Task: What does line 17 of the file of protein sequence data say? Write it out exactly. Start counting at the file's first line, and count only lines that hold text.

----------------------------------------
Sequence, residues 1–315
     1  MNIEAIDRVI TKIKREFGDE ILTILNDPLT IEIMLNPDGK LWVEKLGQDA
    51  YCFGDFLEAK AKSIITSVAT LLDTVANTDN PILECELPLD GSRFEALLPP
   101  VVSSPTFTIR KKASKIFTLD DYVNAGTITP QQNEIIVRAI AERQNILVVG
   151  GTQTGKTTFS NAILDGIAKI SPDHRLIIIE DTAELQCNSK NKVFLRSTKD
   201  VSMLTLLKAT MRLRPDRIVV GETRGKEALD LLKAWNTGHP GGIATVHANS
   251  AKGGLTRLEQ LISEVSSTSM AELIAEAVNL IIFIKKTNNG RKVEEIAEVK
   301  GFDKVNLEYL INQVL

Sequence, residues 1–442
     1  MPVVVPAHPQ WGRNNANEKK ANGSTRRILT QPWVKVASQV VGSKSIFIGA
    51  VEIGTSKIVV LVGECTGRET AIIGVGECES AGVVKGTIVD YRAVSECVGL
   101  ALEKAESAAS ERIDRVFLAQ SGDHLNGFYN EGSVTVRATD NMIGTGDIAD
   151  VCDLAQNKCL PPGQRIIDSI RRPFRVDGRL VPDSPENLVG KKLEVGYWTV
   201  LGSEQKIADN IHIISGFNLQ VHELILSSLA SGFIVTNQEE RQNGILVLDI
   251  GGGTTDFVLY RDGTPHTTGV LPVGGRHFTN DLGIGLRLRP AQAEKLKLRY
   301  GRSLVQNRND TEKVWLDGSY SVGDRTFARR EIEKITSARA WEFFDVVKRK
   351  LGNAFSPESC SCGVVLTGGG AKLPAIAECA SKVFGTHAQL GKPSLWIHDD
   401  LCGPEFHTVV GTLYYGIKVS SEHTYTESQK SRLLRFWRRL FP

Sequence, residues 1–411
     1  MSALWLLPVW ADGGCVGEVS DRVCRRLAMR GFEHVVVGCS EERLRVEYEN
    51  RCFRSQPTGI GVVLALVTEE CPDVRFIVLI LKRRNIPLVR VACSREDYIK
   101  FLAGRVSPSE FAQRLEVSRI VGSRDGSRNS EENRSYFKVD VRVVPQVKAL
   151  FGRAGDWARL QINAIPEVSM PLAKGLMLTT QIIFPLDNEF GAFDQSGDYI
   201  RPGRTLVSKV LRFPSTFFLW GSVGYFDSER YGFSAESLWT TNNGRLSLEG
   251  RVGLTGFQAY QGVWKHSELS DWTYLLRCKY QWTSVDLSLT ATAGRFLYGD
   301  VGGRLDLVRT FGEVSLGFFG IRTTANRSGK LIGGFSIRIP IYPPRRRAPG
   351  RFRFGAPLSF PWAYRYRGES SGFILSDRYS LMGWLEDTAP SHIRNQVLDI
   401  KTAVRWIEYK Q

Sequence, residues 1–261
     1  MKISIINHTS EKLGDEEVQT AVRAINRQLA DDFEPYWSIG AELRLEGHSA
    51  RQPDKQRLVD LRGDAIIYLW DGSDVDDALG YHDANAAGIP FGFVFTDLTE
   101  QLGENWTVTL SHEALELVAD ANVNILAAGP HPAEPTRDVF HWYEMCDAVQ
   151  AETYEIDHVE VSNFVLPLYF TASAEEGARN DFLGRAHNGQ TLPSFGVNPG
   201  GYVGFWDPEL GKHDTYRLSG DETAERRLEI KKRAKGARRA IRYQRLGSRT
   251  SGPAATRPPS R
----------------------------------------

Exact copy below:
   351  LGNAFSPESC SCGVVLTGGG AKLPAIAECA SKVFGTHAQL GKPSLWIHDD